From Amazon to Zulilly: Preparing for Cyber Monday
As we approach Black Friday and Cyber Monday, how can retailers prepare for the biggest online shopping week of the year? First, it’s important to prepare early and learn from the mistakes of the past. This article will provide guidance on how to avoid pitfalls with proper monitoring and performance testing strategies.
Cyber Monday by the Numbers
Cyber Monday 2016 was the biggest day in the history of U.S. e-commerce. Consumers spent $3.4 billion online, a 12.1 percent jump over Cyber Monday 2015. Wal-Mart, Kohl's and Target all beat company records for digital sales. Interestingly, Black Friday’s online sales were only $110 million below those of Cyber Monday. These two retail holidays are getting shoppers’ online dollars, as many bargain hunters who frequent traditional brick-and-mortar retailers turn to online sales.
Amazon.com certainly has led the way in all things e-commerce, and traditional retailers are trying to compete online by building out their digital channels. In 2015, a significant shift in consumer behavior began. For the first time, roughly the same number of shoppers went online as visited stores over the long holiday weekend. This was a tipping point for online retailers, with a 40 percent increase in online sales from the previous year. The problem was most companies weren't adequately prepared.
Another major e-commerce trend is the uptake in shopping via mobile devices. To account for this trend, many more retailers are using responsive web design to support a better mobile experience. Predictions for 2017 say mobile-only spending will account for 33 percent of all online sales. Overall, predictions are that Cyber Monday online sales will increase another 12 percent in 2017, amounting to $3.81 billion this year.
The numbers are huge, and retailers have a lot to lose. What’s the impact of not being prepared for online shoppers on Black Friday and Cyber Monday?
Digital Desertion is Real
Apica surveyed 2,250 internet users earlier this year to explore how consumers really feel about poor website and app performance, and the impact it has on brands.
We found that today’s online users expect a greater level of performance than they did three years ago. Well over 75 percent of consumers are affected negatively by poor website or app loading delays, and when faced with the digital disappointment of slow websites or apps, more than 35 percent report they abandon sites quickly to turn to competitors’ offerings.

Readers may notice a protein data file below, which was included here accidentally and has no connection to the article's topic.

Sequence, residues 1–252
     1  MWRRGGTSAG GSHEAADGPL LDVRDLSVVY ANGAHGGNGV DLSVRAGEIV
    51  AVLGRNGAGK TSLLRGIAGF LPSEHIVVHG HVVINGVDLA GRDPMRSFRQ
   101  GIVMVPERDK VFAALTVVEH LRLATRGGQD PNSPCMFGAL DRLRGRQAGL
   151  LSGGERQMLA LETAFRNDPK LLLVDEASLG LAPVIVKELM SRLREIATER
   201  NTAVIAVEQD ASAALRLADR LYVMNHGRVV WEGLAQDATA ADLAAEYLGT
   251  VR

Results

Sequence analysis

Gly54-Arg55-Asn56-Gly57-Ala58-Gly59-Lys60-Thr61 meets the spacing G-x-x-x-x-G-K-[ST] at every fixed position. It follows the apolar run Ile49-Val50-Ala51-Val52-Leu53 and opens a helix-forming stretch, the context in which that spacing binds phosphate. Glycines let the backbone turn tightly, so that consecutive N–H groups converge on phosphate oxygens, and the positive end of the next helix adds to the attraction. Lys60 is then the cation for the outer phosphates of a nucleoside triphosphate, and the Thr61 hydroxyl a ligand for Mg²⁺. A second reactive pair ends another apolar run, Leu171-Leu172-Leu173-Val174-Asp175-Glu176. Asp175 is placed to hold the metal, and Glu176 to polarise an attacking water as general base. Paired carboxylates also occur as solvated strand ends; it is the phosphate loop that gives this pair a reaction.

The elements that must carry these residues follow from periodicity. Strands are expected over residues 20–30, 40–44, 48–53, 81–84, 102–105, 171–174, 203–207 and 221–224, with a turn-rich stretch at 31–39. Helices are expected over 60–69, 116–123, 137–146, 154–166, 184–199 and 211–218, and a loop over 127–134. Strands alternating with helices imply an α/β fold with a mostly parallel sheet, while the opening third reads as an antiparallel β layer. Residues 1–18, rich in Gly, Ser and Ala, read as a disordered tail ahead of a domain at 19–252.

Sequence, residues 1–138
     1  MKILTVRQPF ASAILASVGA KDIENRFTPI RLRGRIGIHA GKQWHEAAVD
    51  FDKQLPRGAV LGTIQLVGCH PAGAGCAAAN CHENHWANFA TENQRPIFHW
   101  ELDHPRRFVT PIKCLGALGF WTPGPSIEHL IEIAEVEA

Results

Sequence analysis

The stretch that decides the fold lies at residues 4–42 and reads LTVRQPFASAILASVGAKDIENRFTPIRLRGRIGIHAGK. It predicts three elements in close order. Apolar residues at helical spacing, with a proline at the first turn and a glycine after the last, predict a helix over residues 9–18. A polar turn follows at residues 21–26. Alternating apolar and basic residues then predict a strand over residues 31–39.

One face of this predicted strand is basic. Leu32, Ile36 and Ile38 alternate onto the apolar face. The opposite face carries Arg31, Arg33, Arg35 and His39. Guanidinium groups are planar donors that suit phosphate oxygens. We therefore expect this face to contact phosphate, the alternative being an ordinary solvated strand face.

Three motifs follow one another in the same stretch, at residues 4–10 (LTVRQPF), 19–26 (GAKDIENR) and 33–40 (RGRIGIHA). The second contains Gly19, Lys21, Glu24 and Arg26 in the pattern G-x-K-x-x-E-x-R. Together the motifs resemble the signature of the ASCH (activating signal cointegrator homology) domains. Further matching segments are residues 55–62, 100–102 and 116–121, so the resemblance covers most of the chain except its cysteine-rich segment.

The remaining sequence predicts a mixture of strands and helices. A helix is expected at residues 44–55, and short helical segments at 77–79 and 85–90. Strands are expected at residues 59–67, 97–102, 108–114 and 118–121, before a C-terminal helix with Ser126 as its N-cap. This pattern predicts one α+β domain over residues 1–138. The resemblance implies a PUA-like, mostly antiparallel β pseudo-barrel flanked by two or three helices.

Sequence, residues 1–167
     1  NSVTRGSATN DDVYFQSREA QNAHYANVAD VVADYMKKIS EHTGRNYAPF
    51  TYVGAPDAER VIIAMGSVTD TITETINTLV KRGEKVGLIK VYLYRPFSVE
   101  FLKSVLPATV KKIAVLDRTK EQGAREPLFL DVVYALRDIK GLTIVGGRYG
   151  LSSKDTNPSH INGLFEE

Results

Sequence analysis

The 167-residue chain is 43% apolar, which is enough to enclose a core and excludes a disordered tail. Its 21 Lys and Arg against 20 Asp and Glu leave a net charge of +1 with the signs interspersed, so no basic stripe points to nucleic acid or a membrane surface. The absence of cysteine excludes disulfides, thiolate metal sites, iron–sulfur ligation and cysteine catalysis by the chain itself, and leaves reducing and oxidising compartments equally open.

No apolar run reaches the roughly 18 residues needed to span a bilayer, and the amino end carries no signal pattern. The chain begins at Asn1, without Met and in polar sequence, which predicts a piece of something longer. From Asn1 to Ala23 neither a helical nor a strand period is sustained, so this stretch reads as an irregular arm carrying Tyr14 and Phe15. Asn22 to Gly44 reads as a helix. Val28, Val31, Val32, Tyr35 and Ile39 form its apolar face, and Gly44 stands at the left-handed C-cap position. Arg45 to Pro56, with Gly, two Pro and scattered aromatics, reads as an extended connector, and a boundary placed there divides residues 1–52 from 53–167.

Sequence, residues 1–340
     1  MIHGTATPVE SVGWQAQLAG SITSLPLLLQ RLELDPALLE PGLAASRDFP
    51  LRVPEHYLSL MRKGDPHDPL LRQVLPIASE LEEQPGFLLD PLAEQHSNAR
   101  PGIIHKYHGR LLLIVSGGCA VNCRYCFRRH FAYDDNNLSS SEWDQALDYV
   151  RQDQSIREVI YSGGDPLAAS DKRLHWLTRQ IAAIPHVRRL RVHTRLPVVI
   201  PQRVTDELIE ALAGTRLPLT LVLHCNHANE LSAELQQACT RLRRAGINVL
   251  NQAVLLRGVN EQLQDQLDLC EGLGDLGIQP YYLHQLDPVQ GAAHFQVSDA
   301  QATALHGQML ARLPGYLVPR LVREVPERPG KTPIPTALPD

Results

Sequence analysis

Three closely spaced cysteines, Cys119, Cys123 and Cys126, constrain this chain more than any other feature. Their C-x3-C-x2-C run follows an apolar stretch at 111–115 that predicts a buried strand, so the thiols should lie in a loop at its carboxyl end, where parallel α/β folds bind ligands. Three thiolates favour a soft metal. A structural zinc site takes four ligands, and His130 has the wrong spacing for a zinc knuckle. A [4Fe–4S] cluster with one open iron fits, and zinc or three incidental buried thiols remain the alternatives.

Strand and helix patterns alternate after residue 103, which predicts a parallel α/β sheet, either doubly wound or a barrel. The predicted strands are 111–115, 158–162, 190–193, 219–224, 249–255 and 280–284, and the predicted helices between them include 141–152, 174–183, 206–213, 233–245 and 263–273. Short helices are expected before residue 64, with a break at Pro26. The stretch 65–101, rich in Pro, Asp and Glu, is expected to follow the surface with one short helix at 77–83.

Consumers also expect uptime. Over 60 percent responded they would be less loyal toward a brand if they experience poor website or app performance. The impact to brands is further compounded as consumers say they're likely to tell friends and colleagues about unsatisfactory online experiences.
With all the strategies in place to market to consumers online, don’t drive shoppers away with poor website or app performance.
Who Were the E-Commerce Winners (and Losers) in 2016?
At Apica, we've created the “Cyber Monday Web Performance Index” which tests how 100 online retailers stack up against each other. The goal of the index is to highlight how the market is doing and which brands delivered the best online shopping experience based on a weighted average of web performance.
The index includes metrics on how long a web page took to load (document object model complete or DOM score), the total site rendering time, and the stability and consistency of the site under heavy and light loads. Some key findings that stood out in 2016 included:
- the top 10 e-commerce websites are healthy, but the rest lag behind expectations;
- scaling and stability is a major issue across the industry; and
- progressive page loading is key to speed.
You can check out the full 2016 Cyber Monday Web Performance Index — there are some real surprises as to where companies are ranked. We’ll do this same testing this year, so keep an eye on the Apica website for the 2017 results.
How Can Your Organization Prepare?
Are you prepared for events that will drive a lot of traffic to your online sites and applications? Review the following checklist to ensure you have the basic data to answer that question:
- What's your performance at normal and standard peak usage levels?
- What were the statistics from last year, and how do you expect traffic to be different this year?
- Have you identified your application bottlenecks in the different layers of the application?
- Have you performed load tests to expected and/or 50 percent above max level of traffic to validate:
- stability and scaling of an application;
- third-party dependencies;
- any specific functions like search, payment, etc., that are real bottlenecks; and
- cloud scaling and failover functions?
- A good tip is to pre-scale hardware to the level of max load before the event, then monitor progress of load closely during the event so you can control scaling and delivered performance before the spikes in traffic happen.
It's important to load test early to ensure you have time to fix problems. It’s even better to consistently run load tests to ensure you already know your limits and aren’t forced to rush development for peak events. Load tests can take the form of stress tests, concurrency tests and disaster recovery testing — all are key. Focusing on performance monitoring for both the client-side and server-side of your business is also key to your online success.
Ensuring your site is ready and healthy during peak shopping days requires that performance and access are available for everyone that wants to buy that perfect gift. The health of a website is crucial to meeting business objectives not only on Black Friday and Cyber Monday, but at any time of year.
Sven Hammar is the chief strategy officer and founder at Apica, an application performance testing and monitoring solutions provider.
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